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The growing prevalence of valvular heart disease represents a major challenge in terms of short-term and long-term management and surveillance.1 ,2 Despite well-defined guidelines, appropriate detection and follow-up strategies are still poorly applied in valvular heart disease.3 ,4 In many countries, valvular heart diseases are managed by non-experts in the field, which may result in misdiagnosis and lead to inappropriate delays in decisions about valve interventions, and compromise patient outcome. The establishment of multidisciplinary services delivered by experts in valvular heart disease in a well-structured environment in order to provide specialised and centralised evaluation, care and education to patients with valvular heart disease has become the basis of implementation of ‘Heart Valve Centre of Excellence’ across Europe and outside Europe.5
Centres with a dedicated ‘Heart Valve Clinic’ have a designed pathway to diagnose and monitor patients with valvular heart disease. They regroup a multidisciplinary team of cardiologists, nurses, radiologists, anaesthesiologists, and surgeons proficient in diagnosing and treating all cardiac valve syndromes and disorders. This involves sophisticated cardiac valve symptoms recognition, diagnostic techniques such as three-dimensional echocardiography, cardiac magnetic resonance, cardiac CT and cardiac catheterisation.6 The ‘Heart Valve Clinic’ also provides help in optimising and monitoring medical treatment, assisting the general cardiologists for clinical decision-making, determining the correct timing and type of intervention, referring the patient to the most suitable surgeon, assessing results after intervention, and informing patients to motivate them to follow their prescribed medications and be alert for signs indicating a worsening of their disease.1 ,2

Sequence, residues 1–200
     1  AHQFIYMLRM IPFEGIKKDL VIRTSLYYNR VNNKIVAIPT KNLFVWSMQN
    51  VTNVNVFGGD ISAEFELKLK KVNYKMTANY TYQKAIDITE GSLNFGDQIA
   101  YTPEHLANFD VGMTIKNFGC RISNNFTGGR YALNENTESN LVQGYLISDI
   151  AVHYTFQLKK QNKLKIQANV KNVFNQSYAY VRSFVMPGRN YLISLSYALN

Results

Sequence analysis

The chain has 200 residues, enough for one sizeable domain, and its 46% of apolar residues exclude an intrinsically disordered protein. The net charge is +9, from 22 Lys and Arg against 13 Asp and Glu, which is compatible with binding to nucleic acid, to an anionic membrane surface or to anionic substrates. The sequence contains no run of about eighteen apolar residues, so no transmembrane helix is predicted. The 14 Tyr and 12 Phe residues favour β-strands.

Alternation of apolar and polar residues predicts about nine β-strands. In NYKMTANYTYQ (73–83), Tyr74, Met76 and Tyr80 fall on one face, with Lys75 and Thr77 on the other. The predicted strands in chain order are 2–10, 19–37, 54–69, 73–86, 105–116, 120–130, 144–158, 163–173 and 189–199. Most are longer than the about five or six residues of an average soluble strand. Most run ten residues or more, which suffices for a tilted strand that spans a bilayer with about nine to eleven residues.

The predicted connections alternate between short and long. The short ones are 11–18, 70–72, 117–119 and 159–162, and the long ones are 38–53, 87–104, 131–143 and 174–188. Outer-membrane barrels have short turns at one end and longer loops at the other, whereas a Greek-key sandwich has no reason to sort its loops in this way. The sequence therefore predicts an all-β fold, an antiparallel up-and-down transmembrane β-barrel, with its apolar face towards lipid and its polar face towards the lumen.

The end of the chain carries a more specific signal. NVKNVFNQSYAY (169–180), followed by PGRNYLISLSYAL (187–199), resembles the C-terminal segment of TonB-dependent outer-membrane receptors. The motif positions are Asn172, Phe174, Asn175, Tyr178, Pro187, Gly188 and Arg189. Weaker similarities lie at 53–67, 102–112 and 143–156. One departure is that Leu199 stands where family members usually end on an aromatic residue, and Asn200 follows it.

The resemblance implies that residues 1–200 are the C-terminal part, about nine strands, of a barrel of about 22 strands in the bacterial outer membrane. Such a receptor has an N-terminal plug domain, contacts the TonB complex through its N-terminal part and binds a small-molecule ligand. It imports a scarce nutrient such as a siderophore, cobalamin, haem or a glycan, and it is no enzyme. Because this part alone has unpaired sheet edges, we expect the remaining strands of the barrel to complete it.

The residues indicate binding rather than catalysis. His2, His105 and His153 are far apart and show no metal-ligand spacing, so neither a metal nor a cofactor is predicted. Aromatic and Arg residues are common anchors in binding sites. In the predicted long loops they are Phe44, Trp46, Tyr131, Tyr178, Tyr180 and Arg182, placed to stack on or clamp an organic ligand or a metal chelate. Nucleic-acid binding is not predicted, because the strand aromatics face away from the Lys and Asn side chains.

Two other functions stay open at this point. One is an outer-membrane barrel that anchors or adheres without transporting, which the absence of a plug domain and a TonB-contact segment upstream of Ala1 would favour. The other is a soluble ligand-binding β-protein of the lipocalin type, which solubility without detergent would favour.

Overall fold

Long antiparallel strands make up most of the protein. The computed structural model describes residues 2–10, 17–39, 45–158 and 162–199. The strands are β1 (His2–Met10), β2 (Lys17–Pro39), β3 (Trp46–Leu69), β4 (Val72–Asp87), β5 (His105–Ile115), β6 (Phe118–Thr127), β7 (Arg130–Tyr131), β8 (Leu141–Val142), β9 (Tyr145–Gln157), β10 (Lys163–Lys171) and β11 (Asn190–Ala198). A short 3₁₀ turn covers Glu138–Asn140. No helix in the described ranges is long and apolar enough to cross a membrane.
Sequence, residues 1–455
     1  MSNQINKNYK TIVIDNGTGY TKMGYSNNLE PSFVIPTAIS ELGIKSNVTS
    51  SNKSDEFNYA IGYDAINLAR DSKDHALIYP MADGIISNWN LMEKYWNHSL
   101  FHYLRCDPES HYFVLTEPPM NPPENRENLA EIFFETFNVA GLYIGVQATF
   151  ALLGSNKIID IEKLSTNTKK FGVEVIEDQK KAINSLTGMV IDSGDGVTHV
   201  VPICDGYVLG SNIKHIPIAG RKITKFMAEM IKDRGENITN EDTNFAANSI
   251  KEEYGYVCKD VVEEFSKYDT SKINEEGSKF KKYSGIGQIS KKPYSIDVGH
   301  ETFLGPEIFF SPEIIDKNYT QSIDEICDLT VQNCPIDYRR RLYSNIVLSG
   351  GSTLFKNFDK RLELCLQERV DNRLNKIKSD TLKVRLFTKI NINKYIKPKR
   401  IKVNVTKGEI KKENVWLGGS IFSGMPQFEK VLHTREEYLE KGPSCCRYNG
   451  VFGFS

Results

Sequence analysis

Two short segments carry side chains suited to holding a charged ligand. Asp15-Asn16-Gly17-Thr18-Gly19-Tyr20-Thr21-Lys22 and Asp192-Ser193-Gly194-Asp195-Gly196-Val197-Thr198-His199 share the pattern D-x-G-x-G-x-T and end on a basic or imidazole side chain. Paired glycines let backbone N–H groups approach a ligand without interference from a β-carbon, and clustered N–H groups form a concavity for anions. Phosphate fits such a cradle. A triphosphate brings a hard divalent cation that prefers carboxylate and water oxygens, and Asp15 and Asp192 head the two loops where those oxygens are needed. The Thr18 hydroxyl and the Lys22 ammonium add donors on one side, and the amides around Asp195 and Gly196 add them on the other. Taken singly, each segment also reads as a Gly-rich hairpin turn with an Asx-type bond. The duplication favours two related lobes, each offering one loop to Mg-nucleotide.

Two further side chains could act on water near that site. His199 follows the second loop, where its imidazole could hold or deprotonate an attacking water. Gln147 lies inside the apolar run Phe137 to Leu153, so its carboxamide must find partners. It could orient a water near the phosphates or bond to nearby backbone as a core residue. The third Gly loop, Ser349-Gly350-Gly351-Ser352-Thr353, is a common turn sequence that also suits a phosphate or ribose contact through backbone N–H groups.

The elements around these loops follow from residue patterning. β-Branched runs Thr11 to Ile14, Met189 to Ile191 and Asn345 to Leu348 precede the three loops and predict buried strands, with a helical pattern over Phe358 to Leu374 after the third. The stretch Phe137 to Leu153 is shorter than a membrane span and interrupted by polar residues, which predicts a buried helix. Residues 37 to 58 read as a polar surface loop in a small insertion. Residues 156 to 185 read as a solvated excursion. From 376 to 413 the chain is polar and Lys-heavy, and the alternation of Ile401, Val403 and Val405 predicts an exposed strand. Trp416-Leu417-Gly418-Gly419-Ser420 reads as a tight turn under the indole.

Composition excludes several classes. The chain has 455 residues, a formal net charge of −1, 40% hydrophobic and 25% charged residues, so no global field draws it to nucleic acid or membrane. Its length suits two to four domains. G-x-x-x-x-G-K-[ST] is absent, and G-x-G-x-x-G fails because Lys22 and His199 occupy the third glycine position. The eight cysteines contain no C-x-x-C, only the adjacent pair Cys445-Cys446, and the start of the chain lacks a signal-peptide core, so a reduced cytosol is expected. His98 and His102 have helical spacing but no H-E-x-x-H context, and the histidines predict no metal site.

The ‘Heart Valve Clinic’ model is generally organised as a consultative cardiologist nurse-based clinic that forms the basis for the standard and advanced ‘Heart Valve Clinic’ structure. The vast majority of patients with valvular heart disease are suitable for investigation in the ‘Heart Valve Clinic’. However, prioritisation based on capacity, the degree of valvular heart disease severity, and the presence of an emergency condition might be applied. In the UK, senior nurses or sonographers are allowed to ensure surveillance and monitoring of patients with uncomplicated valve disease before and after surgery.2 Applying this model of care, the group of Chambers et al7 have shown that the proportion of patients followed up according to best practice guidelines rose (from 41% to 92%), while the total number of unwarranted echocardiograms performed fell significantly. Also, Rosenhek et al8 reported that the ‘wait’ for symptoms approach is a safe strategy when carried out in a ‘Heart Valve Clinic’. Surveillance in these clinics seems to also improve adherence to guidelines. However, despite this growing body of observational evidence supporting the notion that patient-centred care is best delivered within these organised structures, their adoption across Europe remains scanty, that is, 21% in the UK.5 Therefore, clarifying the patient outcome and the economic impact of such models of care represents a major goal for the ‘Heart Valve Community’. Outcome studies are ongoing. Several groups have merged their database, that is, the HeArt ValvE Clinic group, to enhance the clinical evidence of their usefulness.9